The Painter & The Fish, a poem, by Raymond Carver

All day he’d been working like a locomotive, I mean he was painting, the brush strokes coming like clockwork. Then he called home. And that was that. That was all she wrote. He shook like a leaf. He started smoking again. He lay down and got back up. Who could sleep if your woman sneered and said time was running out? He drove into town. But he didn’t go drinking. No, he went walking. He walked past a mill called “the mill.” Smell of fresh cut lumber, lights everywhere, men driving jitneys and forklifts, driving themselves. Lumber piled to the top of the warehouse, the whine and the groan of machinery. Easy enough to recollect, he thought. He went on, rain falling now, a soft rain that wants to do its level best not to interfere with anything and in return asks only that it not be forgotten. The painter turned up his collar and said to himself he wouldn’t forget. He came to a lighted building where, inside a room, men played cards at a big table. A man wearing a cap stood at the window and looked out through the rain as he smoked a pipe. That was an image he didn’t want to forget either, but then with his next thought he shrugged. What was the point? He walked on until he reached the jetty with its rotten pilings. Rain fell harder now. It hissed as it struck the water. Lightning came and went. Lightning broke across the sky like memory, like revelation. Just when he was at the point of despair, a fish came up out of the dark water under the jetty and then fell back and then rose again in a flash to stand on its tail and shake itself! The painter could hardly credit his eyes, or his ears! He did just had a sign-– faith didn’t enter into it. The painter’s mouth flew open. By the time he reached home he quit smoking and vowed never to talk on the telephone again. He put on his smock and picked up his brush. He was ready to begin again, but he didn’t know if one canvas could hold it all. Never mind. He’d carry it over onto another canvas if he had to. It was all or nothing. Lightning, water, fish, cigarettes, cards, machinery, the human heart, that old port. Even the woman’s lips against the receiver, even that. The curl of her lip.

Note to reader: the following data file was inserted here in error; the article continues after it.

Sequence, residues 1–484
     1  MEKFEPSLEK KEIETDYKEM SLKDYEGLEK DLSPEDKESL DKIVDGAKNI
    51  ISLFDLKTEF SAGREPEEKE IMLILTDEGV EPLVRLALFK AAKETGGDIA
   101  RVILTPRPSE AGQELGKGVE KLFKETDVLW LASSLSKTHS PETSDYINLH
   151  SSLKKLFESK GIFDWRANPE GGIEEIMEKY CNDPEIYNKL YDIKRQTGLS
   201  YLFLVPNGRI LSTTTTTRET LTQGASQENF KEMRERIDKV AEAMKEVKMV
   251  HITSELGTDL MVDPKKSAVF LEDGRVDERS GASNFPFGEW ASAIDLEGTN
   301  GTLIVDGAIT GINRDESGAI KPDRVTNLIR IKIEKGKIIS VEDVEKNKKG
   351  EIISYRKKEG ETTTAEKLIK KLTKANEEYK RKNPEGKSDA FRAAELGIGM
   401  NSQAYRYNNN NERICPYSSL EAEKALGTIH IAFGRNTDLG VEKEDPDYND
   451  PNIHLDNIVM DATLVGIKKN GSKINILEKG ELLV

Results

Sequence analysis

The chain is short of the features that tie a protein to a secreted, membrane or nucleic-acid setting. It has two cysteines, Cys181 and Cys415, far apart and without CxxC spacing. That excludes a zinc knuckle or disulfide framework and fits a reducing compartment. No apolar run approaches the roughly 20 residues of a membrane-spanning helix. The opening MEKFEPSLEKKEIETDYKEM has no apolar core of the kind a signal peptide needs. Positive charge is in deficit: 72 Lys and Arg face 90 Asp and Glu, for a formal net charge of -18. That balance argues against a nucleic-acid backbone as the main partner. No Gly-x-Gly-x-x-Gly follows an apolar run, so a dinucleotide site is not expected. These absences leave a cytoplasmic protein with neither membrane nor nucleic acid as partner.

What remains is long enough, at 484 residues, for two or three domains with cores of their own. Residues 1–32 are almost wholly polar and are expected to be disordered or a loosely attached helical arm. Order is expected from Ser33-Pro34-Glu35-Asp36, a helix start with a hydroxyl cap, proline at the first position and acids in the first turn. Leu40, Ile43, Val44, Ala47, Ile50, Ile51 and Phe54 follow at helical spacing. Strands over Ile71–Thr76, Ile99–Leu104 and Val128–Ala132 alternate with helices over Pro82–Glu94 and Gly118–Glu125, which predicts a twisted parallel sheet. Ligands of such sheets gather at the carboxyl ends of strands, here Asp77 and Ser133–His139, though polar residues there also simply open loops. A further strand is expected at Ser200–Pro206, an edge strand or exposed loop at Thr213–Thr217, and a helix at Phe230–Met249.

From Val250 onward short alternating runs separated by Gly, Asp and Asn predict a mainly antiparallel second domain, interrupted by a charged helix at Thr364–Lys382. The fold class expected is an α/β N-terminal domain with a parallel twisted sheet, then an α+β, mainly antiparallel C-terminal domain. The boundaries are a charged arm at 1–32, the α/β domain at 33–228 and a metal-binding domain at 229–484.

copyright Charlotte Hutson Wrenn 2012

I was called to be an artist. And as an old old midwife said to me "If the Lord wants you to do something, you won't have no good luck' til you do." So, here I am, sharing what I love, longing to illuminate the work of art, which is everywhere.

Posted in Arts & Culture
4 comments on “The Painter & The Fish, a poem, by Raymond Carver
  1. Pam Goode says:

    I love this Charlotte!

  2. Kim in Fiji says:

    Love the story and the painting. Was going to ask why you didn’t make the protagonist a female when I realized what the post’s title signified. Oops. Maybe you’ll be inspired to write your own story soon. I’d love to hear a story for the tree tunnel pictures!

    • Kim! Hello! Great to hear from you. The poem is breathtaking to me. And I just happened to have a painting to accompany it:) Painting isn’t words though. It is it’s own language. Raymond Carver wrote about painters and how they work so beautifully in this. The poem just blows my socks off. I hope you’re well and happy sweetheart. Blessings.

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What’s this?

Welcome to my blog about the Lowcountry of South Carolina, a place proud with beauty, history and art. Sometimes we feel a call, to be, to go, to do. I was called to be an artist, and as an old midwife from Alabama said, “If the good Lord wants you to do something, you won’t have no good luck until you do it.”

So here I am writing about what I know, about the 'under glimmer' as the poet Basho, says, the way I have learned to see, to notice. I am inspired by, and talking about the history and art and culture of this place that has called me to herself. By the ancestors.

My background includes a degree in fine arts from a small private college in Florida, and before that, four years of all girls' boarding school in Asheville. I worked as a professional photographer, helped my children grow up, and now and I love seasoned things, good food, better conversation, beauty, my beloved and beautiful Italian Greyhound, Beau. Moved by the sacred places and stories of this beautiful historic land called the Lowcountry, I am here in spirit and I hope to infect you with my love of this place.

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